THE FIGHTER’S MIND: THE WILL TO WIN AND ENTITY VERSUS INCREMENTAL LEARNING FORMS

Posted on December 11, 2011 by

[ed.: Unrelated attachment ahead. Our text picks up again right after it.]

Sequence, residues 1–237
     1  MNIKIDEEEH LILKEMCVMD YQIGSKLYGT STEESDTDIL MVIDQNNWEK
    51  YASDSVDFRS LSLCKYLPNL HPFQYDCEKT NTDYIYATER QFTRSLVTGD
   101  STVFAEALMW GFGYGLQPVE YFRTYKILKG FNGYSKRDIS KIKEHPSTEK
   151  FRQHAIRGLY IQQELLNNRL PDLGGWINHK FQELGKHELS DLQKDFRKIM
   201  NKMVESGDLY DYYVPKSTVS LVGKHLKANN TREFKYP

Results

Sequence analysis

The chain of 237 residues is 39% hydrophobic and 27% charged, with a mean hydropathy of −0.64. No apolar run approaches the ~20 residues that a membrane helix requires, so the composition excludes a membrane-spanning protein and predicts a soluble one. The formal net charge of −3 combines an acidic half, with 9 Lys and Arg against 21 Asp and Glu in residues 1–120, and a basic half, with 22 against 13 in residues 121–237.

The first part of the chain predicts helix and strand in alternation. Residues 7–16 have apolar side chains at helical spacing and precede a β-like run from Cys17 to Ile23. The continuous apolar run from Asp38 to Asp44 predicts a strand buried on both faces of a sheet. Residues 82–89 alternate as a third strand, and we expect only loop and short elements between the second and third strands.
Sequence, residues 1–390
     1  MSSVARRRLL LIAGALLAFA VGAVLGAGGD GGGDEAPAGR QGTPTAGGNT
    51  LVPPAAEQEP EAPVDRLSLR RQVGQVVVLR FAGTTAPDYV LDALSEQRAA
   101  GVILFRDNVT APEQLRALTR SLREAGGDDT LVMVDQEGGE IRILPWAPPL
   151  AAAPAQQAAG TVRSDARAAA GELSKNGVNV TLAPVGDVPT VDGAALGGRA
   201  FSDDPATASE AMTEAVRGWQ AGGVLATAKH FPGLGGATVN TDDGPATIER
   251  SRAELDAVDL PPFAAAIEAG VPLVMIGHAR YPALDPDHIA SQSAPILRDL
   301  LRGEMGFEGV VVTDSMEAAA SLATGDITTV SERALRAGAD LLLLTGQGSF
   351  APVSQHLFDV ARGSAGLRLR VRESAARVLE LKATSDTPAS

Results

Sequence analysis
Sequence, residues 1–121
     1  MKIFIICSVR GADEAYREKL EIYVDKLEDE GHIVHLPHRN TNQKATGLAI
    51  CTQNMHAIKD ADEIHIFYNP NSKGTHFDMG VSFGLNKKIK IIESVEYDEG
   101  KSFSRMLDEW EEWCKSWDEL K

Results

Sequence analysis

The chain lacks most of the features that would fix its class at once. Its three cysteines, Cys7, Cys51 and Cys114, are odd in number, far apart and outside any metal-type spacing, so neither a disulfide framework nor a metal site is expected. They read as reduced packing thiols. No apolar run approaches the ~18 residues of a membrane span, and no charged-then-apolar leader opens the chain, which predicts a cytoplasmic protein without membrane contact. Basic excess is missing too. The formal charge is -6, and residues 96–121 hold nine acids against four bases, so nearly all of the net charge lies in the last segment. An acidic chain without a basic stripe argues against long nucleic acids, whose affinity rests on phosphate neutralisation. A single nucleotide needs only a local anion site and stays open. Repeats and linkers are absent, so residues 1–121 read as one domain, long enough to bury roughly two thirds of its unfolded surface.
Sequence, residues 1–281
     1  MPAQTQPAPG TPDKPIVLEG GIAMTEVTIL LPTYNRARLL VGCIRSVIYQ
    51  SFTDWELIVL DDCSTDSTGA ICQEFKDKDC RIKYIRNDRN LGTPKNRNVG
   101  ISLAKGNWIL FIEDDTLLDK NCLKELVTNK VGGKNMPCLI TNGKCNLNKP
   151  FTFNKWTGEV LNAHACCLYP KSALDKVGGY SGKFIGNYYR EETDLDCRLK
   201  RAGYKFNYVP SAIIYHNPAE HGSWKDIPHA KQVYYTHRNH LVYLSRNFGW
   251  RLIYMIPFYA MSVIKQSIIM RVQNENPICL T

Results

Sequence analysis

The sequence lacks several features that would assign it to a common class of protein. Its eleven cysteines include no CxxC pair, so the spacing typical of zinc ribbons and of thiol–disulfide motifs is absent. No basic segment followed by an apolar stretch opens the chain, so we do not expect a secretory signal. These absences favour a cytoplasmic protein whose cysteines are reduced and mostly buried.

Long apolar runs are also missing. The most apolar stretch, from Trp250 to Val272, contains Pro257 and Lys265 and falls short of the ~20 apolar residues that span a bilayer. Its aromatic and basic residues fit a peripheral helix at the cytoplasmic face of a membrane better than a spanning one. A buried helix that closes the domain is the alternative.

I am reading a really good book called the Fighter’s Mind by Sam Sheriden. It is a compendium of interviews of fighters and their trainers but it also tries to give insight into what motivates individuals to engage themselves in difficult endeavors which they would never attain without pure drive, staying power and a will to win. This issue, personal motivation, seems to be a growing obsession of my own as I see its tangible results in daily life and think it a poorly explores issue and one worthy of study. Sheriden speaks about Josh Waitzen, a chess geniu and martial artist who wrote a book called The Art of Learning. In it he speaks about entity versus incremental types of learning. Entity learners think their skill is born in them, in their genes. Incremental learners think they learn incrementally, stp by step, through hard work. Waitzen would give his students impossible problems, far beyond their level that all would fail. Then, he would give the students a more manageable problem. The entity students would struggle as they had broken mentally and were unsure of themselves. The incremental kids would go back to work, slogging away. entity kids were brittle, incremental kids believed in the power of labor and would keep digging when faced with difficult problems. I believe in this thinking and that something happens when a person is willing to stay the course and do what it takes to learn, to get the job done, no matter the cost. LEarning, any kind of learning can be attained through focus and diligence, without regard to innate capabilities–all of which can be developed. One needs the will. There is another interesting line of thought in this book relating to the internal will to success and it’s about dealing with loss. The writer interviewed a number of successful mixed martial artists, considered the most successful and highly skilled. They talk about dealing with loss as an essential component of overcoming adversity. It runs something like this: “Just because you lose doesn’t make you a loser.” Once you understand that there will be bad times but a consistent attitude of overcoming will bring you to a better day, the frustration is diminished. The key is to maintain the fire to keep learning and finding ways to succeed. You have to love the game–whatever it is and stay with it. What lights that spark? Its obviously different in everyone. I recall reading an interesting article about a mother and father of a 9 year old who was sick with a metabolic¬†illness that is ill understood by the top physicians. Over a period of three years, their unbridled love for their daughter caused them to confer with scores of researchers and medicinal chemists worldwide and they ultimately helped one scientist start a company and raise funds for the development of a new drug which ultimately cured their own daughter. Little sleep, constant focus, refusal to give in to those physicians who told them it was hopeless. Above all an attitude of constant learning, reading and a knowledge that there would be really bad days but they could by their will make something happen. This issue of personal will is really worth examining, especially in these times. I am looking for more research¬† and thoughtful writing on the topic. Please let me know if you read anything worthwhile.

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